Lance Barber takes pride in being able to say that his time at Kellogg Community College set the stage for a successful career as a professional actor.
Barber, a 1994 graduate of KCC’s Theatre Arts program, currently stars as George Cooper Sr., the father of the title character in the CBS sitcom “Young Sheldon”
. He will be among a lineup of guest artists and speakers appearing virtually during the college’s “A Celebration of Performing Arts at KCC: A Virtual Gala,” which will stream live from 7 to 8 p.m. Tuesday, April 27, on the college’s YouTube channel here
Like everyone else appearing and performing during the Gala, he had planned to be here in person, but the ongoing spread of the COVID-19 virus turned the planned live and in-person event into a virtual gathering.
He says his remarks will focus on “somebody who took advantage of what KCC has to offer, which was the beginning of opportunities for me that opened doors for me.”
Barber was raised by a single mother, widowed after his father, a Military Police officer with the U.S. Army, died while serving in Korea when Barber was one year old. The actor says he was fortunate to be the first recipient of the college’s Alfred J. Brown (Al Brown) Memorial Scholarship Fund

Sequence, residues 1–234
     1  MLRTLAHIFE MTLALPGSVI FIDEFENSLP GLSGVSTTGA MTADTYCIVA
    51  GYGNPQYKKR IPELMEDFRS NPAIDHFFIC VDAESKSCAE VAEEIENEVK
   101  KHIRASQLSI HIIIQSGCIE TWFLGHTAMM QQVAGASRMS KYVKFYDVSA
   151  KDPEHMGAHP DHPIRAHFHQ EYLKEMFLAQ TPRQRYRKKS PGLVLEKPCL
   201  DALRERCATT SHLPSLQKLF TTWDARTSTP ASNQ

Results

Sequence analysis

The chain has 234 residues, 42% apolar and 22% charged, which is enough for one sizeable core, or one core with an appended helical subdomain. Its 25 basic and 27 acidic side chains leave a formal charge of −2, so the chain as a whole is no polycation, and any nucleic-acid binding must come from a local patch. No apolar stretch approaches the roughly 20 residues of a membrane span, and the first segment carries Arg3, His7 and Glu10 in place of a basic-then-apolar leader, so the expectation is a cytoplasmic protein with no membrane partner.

, a permanently endowed scholarship awarded to sophomore theater students at KCC, says Teresa Durham, Executive Director of the KCC Foundation.
“In most recent years, the fund has also helped to support the college’s Encore Theatre Company (a registered student organization for theater enthusiasts). Al (Brown) was a local celebrity and dedicated 20 years of performing and involvement in various local theater productions,” Durham says. “He was the winner of three ABBie Awards, active in the Battle Creek Civic Theatre and Leila Follies.”
Speaking from his home in Los Angeles, Barber says, “It’s good to know that a community college is supporting the arts and giving people opportunities whether it be with an acting career or something else. I’m happy to support any institution creating opportunities, especially in a small town where I felt like they were limited.”
His first exposure to the possibilities acting offered came about when he attended a performance of “Grease” at the Barn Theatre
with his mother. Barber was 7-years-old and had seen the movie version and purchased the soundtrack, his first-ever album purchase. He says the play differed from the movie but he was still “blown away by the experience of seeing people performing live and on a stage.”